Rebellion Record: Introduction., Volume 1. (ed. Frank Moore), Introduction. (search)
to their climate. For seven years at least, and probably more, this duty was in every sense of the word a protecting duty. There was not a pound of cotton spun, no not for candle-wicks to light the humble industry of the cottages of the North, which did not pay this tribute to the Southern planter. The growth of the native article, as we have seen, had not in 1794 reached a point to be known to Chief Justice Jay as one of actual or probable export. As late as 1796, the manufacturers of Brandywine in Delaware petitioned Congress for the repeal of this duty on imported cotton, and the petition was rejected on the Report of a Committee, consisting of a majority from the Southern States, on the ground, that to repeal the duty on raw cotton imported would be to damp the growth of cotton in our own country. Radicle and plumule, root and stalk, blossom and boll, the culture of the cotton plant in the United States was in its infancy the foster-child of the Protective System. When ther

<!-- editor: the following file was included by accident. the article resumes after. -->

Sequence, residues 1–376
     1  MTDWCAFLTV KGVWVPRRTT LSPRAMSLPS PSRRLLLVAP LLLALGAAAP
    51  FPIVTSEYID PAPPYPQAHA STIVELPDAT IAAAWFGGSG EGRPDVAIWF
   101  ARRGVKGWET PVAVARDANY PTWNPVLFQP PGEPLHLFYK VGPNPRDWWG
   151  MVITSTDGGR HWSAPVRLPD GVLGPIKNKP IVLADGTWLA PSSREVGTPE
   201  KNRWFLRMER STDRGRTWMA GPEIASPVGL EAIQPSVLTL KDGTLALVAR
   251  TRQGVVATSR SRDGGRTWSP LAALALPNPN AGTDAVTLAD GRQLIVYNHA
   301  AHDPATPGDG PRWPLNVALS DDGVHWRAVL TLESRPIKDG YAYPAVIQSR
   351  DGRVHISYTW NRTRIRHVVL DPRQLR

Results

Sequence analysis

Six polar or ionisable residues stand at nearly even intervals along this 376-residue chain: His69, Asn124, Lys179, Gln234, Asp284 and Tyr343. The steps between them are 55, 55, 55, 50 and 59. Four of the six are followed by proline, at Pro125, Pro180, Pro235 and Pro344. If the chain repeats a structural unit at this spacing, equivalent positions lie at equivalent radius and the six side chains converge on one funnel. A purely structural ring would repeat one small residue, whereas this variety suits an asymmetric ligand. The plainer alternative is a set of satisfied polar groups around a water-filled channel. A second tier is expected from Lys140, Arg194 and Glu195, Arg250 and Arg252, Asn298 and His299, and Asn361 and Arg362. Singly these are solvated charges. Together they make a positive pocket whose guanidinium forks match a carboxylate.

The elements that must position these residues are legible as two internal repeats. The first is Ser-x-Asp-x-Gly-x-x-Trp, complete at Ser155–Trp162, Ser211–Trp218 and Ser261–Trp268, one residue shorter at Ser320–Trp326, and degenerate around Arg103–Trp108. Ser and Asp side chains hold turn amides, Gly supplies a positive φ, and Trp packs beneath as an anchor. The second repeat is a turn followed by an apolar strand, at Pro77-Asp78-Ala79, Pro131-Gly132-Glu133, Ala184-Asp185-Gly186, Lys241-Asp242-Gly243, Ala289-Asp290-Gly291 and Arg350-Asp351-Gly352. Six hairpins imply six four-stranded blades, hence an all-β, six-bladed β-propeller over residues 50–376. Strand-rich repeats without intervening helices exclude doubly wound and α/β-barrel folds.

The brand of civil war, Or blots from that proud galaxy, One single gleaming star. Still floats our glorious ensign, And still our eagles soar, Yet weeping eyes now fear to gaze And see them fly no more. Oh! brethren in the Union strong, Bethink ye of the day When our sires, beneath that banner, Rushed eager to the fray; When first its glories were unfurled O'er Freedom's sacred ground, And thirteen States confederate stood, In loyal union bound. Its stripes were dyed at Monmouth; In Brandywine's red strea ; On Saratoga's trampled plain; By Lexington's sad green. Its stars shone out o'er Bunker's height; Fort Moultrie saw them gleam; And high o'er Yorktown's humble camp They flashed in dazzling sheen. Rise! souls of martyred heroes, Rise from your troubled grave, And guard once more our Union, Our broken country save! Rise, Stark, from old New Hampshire, Rise, Lincoln, from the Bay, Rise Sumter from the rice fields, As on that glorious day. Again o'er broad savannahs Rise M